Although I don’t live in Taipei, I know of one school that can probably help you. It’s called the Taipei Language Institute. It offers courses pretty much any time that you want. They have branches in Taiwan’s major cities. Last I heard, as long as you can round up enough students to start the course, they will start one for you. To round up other students to start study at the same time as you, it would be easiest to post on an expat community forum such as Forumosa (Taipei) or Kaohsiung Living(Kaohsiung). Also, I think that if you were to contact them in advance, they could help to place you in a class that hasn’t filled up yet. I’m sure that beginner classes, being most in demand, start up somewhat frequently.
One thing you may want to consider when choosing your school, is what you want to learn. Do you want to read or read and write? If you want to learn to write, it will more than double your workload, as characters are very complex and only learned by rote memorization. Most Universities only offer writing/speaking courses.
It’s my understanding that TLI, however, focuses first on speaking (to help you learn to get around Taiwan) and then moves into the characters. I have never studied at TLI, but know many who have. I’ve never heard anyone say it was spectacular (but learning Chinese is never spectacular). I have never heard anyone complain about it though either.
You have one more option, with regards to school. Thats to apply for a sixty day multiple entry visitor visa. This visa is good for 60 days, and can be extended three times (six months). Then, you could stay in the country without a student visa, and study with a private tutor. Most I know charge about NT$4-500 ($12-15 USD) per hour.
I would also recommend, of course, that you both start studying before you come. I’ve found the Pimsleur language tapes to be very effective.
I’m sure that if you do a bit of searching you can find some helpful free websites online as well.
Good luck with your studies.
6 thoughts on “Ask Matt: Studying Mandarin Chinese in Taiwan”
Thanks for the great info Greg! Nice website too. Your tours look awesome!
I studied at TLI in 2000-01 in Taipei and I thought it was a great introduction to Mandarin. You’ll share the classroom with students of all nationalities, and class sizes are not much more than about 7 students, and probably smaller. There are cheaper language schools than TLI but I haven’t seen evidence that they are as good. Like Matt said, TLI teaches you Mandarin without teaching the characters in the beginning but they give you the option to study them on your own. Some Mandarin speakers think it’s bad to study the language without the characters, but if you start with the characters you might get stumped by the difficulty and not continue. I found the speaking-listening approach to be good, and was speaking broken Mandarin in a few weeks and after a year and a half of studying I was fairly fluent. If you study at the TLI on Roosevelt Road, ask for Mr. Zang, a great and funny teacher!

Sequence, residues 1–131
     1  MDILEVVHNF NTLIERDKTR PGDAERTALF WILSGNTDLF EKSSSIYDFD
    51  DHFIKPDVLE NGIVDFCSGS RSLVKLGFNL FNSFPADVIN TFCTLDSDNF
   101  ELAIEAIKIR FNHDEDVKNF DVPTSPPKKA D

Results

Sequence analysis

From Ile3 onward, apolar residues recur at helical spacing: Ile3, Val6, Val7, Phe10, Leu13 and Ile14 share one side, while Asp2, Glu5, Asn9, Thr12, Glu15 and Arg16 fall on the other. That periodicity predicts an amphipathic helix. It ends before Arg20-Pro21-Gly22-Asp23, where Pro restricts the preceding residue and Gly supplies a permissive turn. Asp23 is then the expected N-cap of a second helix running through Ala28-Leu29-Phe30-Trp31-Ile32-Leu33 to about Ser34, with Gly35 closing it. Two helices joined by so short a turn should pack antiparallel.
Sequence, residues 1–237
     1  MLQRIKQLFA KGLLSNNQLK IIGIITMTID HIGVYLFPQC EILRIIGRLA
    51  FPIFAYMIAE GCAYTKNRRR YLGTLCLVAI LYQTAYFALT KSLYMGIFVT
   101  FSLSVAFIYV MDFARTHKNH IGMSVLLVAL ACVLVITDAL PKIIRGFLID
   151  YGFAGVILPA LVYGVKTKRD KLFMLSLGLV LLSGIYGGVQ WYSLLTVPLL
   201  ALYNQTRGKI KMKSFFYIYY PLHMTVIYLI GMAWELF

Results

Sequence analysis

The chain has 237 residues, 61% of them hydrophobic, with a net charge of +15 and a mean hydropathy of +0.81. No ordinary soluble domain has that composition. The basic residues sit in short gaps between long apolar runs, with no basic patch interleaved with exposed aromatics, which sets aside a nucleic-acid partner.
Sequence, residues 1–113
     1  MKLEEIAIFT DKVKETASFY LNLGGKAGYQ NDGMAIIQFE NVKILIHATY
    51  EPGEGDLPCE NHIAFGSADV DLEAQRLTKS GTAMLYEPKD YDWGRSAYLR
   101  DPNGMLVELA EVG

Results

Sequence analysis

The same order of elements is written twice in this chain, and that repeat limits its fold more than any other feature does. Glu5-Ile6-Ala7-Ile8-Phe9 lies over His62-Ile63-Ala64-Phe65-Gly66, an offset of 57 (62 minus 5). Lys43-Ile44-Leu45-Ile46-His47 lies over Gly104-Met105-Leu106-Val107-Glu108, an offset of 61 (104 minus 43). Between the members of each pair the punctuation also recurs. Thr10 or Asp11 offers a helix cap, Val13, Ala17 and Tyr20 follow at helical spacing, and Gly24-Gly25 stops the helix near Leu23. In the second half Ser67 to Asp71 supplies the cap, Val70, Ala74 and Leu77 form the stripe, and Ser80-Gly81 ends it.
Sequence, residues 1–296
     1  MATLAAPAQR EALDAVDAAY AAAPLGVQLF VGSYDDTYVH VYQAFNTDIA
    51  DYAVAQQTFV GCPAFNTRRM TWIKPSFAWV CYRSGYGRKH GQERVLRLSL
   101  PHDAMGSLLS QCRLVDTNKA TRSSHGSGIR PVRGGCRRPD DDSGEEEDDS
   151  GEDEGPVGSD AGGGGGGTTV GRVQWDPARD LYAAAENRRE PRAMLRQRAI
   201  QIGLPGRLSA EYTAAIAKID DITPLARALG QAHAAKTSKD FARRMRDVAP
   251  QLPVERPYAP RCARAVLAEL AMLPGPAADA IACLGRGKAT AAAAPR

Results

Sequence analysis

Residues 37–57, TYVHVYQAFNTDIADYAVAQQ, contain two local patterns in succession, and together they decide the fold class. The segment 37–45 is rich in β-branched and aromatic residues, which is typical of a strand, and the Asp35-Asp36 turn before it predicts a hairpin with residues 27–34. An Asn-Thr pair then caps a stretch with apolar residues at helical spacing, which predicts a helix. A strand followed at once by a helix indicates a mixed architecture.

I also studied at TLI and took the most direct route possible, i.e. one-on-one speaking and reading. I agree with you, Matt, that learning to write more than doubles your workload. I didn’t have the patience and I couldn’t see the benefit of it (that’s just for me, though). If you want something more in depth, you could try one of the universities – I know ShiDa is very popular for Chinese language learning.
My husband and I live in Taiwan wanted to learn Mandarin at a slower pace so we found a private tutor. This website is helpful in finding tutors and language exchange partners: http://www.tealit.com/
That is a really useful site, thanks Allison!
NIce tips. Interesting perspective on how writing comes into play. I’m a big supporter of face-to-face conversation, but I can see how grammar and writing can be important when it comes to a language like Chinese. Nice post